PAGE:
A Book We Can All Relate To

The book The Earth, My Butt, and Other Big Round Things by Carolyn Mackler is truly an awesome read. The book is about an average highschooler named Virginia Shreves, the only thing not exactly average about her is her weight. Virginia is bigger then normal and knows it and lives by what she calls the fat girl code of conduct. You get to know Virginia as a character and the issues in her life, one of them being her having to realize her brother is a date raper and her mother may never accept her for who she really is big boned and all. The book is humerous but also touches on some topics that are not so funny, like eating disorders, becasue shes not happy with her weight. It also has romance in it, which i think is the perfect mix. Carolyn Mackler's book is a read worth your time and a book you will regret dearly for passing up.

Great New Book

Virginia Shreves isn't what you would call a small girl. She's more of a round girl. She thinks that she's fairly comfortable with her size, until her best friend, Shannon, moves to Walla Walla, Washington, so her father can study onions, and she begins "fooling around" with Froggy Welsh the Fourth. The only problem, is that she can't speak to him during school hours, because she feels that she should follow the "Fat Girl Code of Conduct." Now she's not only depressed and lonely, but her Psychologist mother is trying to drag her to a nutritionist, and her best friend is now running around with a new crowd in Walla Walla, and doesn't have as much time to e-mail Virginia. Now Virginia's decided to try a new method to get herself to lose weight, and become attractive to everyone, a way that could hurt her. Badly.After reading "Love and Other Four Letter Words," I anticipated Mackler's newest release "The Earth, My Butt, and Other Big Round Things." I wasn't disappointed. Virginia is a fresh new personality (and body-type), in a sea of book characters who are tall, thin, and flat-chested. She appeals to girls who don't fit that mold. Her imperfections make her not only funny, but extremely relatable. Her boy troubles, best friend troubles, and eating disorder will teach girls of all ages to be happy inside their own skin. Whether that skin is thick or thin, black or white. A must have book to keep treasured for years to come.<...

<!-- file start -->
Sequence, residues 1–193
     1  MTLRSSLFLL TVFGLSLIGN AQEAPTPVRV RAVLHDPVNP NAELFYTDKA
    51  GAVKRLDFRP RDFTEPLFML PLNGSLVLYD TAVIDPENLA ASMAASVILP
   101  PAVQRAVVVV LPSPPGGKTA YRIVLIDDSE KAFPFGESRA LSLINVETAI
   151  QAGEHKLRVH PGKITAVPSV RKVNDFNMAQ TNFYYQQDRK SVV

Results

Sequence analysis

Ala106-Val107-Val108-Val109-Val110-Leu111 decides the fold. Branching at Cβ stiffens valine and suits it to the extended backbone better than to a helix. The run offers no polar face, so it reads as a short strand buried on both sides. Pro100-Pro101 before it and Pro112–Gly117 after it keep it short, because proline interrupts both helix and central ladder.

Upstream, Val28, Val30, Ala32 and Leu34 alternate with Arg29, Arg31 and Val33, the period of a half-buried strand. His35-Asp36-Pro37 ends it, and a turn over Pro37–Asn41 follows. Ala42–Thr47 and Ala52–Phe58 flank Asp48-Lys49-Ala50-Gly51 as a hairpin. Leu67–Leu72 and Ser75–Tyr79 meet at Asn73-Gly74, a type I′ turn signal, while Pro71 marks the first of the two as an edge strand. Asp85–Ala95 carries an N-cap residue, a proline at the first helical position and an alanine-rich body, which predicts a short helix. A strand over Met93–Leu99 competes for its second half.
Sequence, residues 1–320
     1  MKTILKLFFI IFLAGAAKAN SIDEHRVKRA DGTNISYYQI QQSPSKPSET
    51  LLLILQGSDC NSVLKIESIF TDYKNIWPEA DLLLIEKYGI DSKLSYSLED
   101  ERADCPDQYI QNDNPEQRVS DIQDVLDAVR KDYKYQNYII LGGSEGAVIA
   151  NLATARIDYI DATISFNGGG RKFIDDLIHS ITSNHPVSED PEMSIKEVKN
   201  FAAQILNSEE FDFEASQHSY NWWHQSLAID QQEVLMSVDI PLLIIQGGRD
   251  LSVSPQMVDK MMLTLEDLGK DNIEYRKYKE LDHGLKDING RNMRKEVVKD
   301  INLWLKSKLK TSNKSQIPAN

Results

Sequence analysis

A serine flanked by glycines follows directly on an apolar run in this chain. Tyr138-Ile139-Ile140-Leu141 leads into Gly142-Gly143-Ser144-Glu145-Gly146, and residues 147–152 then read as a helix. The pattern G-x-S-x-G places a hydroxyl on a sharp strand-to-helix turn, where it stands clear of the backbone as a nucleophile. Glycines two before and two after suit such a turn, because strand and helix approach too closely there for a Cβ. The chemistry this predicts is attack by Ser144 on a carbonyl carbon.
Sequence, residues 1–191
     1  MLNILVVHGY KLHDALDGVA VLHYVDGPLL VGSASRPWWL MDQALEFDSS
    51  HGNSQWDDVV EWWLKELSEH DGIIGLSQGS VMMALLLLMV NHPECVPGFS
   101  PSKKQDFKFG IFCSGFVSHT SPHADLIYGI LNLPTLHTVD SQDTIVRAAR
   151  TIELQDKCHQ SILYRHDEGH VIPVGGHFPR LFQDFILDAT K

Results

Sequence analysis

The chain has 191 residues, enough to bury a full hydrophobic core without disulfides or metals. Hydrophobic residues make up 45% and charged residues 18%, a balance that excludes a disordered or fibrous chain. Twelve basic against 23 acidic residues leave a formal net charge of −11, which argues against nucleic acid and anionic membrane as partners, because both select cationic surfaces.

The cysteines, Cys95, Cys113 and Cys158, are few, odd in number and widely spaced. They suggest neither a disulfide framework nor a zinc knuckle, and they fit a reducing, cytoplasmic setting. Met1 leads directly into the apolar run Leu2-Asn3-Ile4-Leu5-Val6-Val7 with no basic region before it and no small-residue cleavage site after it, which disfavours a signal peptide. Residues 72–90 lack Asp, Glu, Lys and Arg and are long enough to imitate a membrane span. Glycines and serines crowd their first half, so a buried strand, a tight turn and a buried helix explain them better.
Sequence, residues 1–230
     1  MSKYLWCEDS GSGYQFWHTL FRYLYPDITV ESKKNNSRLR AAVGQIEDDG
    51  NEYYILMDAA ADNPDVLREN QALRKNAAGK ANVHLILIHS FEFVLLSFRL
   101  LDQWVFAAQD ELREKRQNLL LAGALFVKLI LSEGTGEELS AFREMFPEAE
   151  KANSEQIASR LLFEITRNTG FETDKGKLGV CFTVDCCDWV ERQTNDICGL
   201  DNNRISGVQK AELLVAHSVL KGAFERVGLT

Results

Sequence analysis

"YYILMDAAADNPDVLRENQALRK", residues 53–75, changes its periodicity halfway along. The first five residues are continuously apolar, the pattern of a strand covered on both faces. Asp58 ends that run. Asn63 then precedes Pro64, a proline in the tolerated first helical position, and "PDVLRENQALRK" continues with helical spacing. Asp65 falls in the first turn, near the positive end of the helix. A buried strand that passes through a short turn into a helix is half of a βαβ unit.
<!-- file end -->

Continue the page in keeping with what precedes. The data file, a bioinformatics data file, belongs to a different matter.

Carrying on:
True Rebelion

This book was just too good, it tells the story of Verginia Shreves, and her dealing with her best friends move to Walla Walla Washington, and her weird, and sometimes embarrassing first love. And while that seems like a total "Yeah-sounds-like-any-other-first-love-teenage-book-of-growing-up-and-finding-yourself" it really is much more then that. Virginia's story gets much deeper when her brother, (who also happens to be the one person in the entire world that she admires and looks up to the most) makes a huge life changing mastake that will follow him for the rest of his life. And while all this is happening Verginia decides that she is not going to take any of her mothers [stuff] anymore and stop looking the way her mother wants her to look, and starts being the person that she has always been deep down inside, and not just the fat, shy, loser girl that people once knew her as. I truly loved this book and recomend it to anyone who loves to read like I do.